For most people, the word ‘mange’ brings to mind a body with severely damaged and horrendously itchy skin, and being highly contagious. The first two qualities are more or less correct, but the phrase ‘contagious mange’ is a little misunderstood.
Sarcoptic Mange is contagious, but not demodectic mange
The main reason why the misunderstanding exists is because there are two different types of mange, and their facts often get mixed up together. We’re not going into a deep discussion about the exact differences between the two, but to put it simply, Sarcoptic Mange (or scabies) is the one that’s contagious, while demodectic mange isn’t. This is the sort of information that will determine your strategy in removing your dog’s skin problem, so it’s important to distinguish between the two before you start any treatment.
Now that the question is adequately answered, let’s throw a little wrench in the works. What if I said that…
…However, demodectic mange is contagious in a sense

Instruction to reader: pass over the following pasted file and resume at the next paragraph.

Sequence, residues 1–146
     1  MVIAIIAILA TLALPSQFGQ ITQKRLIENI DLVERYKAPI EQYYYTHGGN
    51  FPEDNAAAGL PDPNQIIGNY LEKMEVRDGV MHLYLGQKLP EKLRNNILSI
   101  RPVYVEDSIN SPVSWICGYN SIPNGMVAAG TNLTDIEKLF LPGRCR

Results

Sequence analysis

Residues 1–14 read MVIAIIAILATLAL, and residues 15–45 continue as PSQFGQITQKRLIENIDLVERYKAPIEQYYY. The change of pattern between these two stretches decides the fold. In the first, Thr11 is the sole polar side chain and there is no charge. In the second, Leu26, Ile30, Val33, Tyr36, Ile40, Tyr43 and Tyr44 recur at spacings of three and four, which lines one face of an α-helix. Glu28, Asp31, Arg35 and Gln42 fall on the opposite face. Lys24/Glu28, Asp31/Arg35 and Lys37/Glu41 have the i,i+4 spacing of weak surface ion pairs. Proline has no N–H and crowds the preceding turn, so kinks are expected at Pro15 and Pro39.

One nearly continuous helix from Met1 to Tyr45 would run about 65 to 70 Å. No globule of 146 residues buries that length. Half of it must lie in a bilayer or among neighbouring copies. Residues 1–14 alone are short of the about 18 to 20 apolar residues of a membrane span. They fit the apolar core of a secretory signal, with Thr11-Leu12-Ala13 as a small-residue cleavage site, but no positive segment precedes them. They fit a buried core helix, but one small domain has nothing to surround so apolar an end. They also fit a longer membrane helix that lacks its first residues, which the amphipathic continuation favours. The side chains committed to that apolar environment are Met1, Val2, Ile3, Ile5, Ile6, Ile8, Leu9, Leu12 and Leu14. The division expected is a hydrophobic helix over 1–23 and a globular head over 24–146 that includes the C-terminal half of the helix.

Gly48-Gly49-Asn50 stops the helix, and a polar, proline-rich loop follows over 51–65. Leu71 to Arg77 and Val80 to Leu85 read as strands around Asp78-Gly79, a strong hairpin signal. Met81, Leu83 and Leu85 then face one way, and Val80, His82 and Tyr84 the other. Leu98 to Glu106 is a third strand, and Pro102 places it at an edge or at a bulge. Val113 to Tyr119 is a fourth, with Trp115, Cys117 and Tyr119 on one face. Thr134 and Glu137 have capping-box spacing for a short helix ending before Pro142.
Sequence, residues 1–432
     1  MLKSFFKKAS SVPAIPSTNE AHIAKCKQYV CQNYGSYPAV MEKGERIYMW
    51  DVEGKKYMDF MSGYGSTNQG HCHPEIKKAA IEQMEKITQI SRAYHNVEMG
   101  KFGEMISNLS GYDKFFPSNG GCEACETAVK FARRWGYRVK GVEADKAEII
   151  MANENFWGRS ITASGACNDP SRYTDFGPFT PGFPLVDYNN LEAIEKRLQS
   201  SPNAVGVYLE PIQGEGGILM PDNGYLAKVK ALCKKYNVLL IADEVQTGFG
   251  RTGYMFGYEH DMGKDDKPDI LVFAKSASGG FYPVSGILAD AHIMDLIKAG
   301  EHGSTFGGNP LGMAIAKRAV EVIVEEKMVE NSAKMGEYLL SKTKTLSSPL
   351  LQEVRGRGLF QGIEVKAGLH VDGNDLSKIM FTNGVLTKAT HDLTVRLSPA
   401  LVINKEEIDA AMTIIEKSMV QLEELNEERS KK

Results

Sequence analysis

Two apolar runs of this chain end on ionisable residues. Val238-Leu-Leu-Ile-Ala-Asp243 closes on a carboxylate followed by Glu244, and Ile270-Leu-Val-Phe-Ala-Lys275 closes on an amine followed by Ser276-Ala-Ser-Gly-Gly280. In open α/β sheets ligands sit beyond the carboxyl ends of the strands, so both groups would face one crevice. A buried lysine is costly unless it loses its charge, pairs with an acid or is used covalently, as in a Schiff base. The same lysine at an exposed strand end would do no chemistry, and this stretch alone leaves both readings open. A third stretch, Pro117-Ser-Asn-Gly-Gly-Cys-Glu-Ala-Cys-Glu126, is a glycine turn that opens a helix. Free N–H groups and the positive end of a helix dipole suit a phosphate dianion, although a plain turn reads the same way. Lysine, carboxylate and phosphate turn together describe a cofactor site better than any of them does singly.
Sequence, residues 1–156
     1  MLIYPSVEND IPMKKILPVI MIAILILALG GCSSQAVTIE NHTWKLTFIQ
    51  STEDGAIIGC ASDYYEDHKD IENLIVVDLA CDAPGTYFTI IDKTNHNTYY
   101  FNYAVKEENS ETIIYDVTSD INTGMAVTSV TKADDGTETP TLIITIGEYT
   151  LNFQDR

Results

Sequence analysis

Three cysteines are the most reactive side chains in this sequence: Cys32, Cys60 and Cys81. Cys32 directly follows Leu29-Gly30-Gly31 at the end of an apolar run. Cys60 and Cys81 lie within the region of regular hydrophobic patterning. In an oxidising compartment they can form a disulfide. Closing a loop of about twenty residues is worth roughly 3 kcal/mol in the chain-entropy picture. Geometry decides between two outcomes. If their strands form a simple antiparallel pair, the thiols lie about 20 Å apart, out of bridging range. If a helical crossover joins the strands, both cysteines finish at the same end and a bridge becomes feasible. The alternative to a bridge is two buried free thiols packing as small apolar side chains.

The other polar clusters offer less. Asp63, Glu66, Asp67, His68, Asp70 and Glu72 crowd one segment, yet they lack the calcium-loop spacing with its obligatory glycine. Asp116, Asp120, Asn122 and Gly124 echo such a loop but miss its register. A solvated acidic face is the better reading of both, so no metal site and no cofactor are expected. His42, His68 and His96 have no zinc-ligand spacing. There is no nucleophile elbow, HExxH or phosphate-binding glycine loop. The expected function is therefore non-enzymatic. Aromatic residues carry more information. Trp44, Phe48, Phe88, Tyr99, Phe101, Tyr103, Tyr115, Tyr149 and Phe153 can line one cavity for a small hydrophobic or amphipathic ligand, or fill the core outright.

Okay don’t panic, I’m not trying to confuse you. Hear me out:
Between sarcoptic and demodectic mange, it is true that one is contagious and the other isn’t. But what we’re really talking about here is that scabies is contagious between a human and a dog. And that demodectic mange does not have this particular form of interspecies transmission.
On the other hand, demodectic mange is contagious… between dog and dog. Do you see what I mean now?
You may be wondering why there’s such a distinction. Here’s a short explanation:
The main troublemaker in this whole demodectic mange deal is the Demodex Canis, a version of demodex mite that lives exclusively in dogs. These guys do not prefer other animals for some reason, including humans, so they generally stay away from them. That’s why it’s almost impossible for a human to infect a dog, and vice versa*.
However, the Demodex Canis can be found practically everywhere on dogs, and it’s the reason why a dog that’s recovering from demodectic mange shouldn’t be allowed near another dog with a bad case of it – the mites can easily jump over to the recovering dog’s body and re-infest it, triggering another case of mange.
So there you have it. Demodectic mange isn’t contagious in that it doesn’t transmit between humans and dogs, but it’s highly contagious between dog-and-dog. Question answered.
*Note: I say ‘almost impossible’ because there have been several reports of such a thing happening, but it’s so rare that you’d win the lottery long before you get infested by good ol’ Demodex Canis, so don’t start panicking just yet.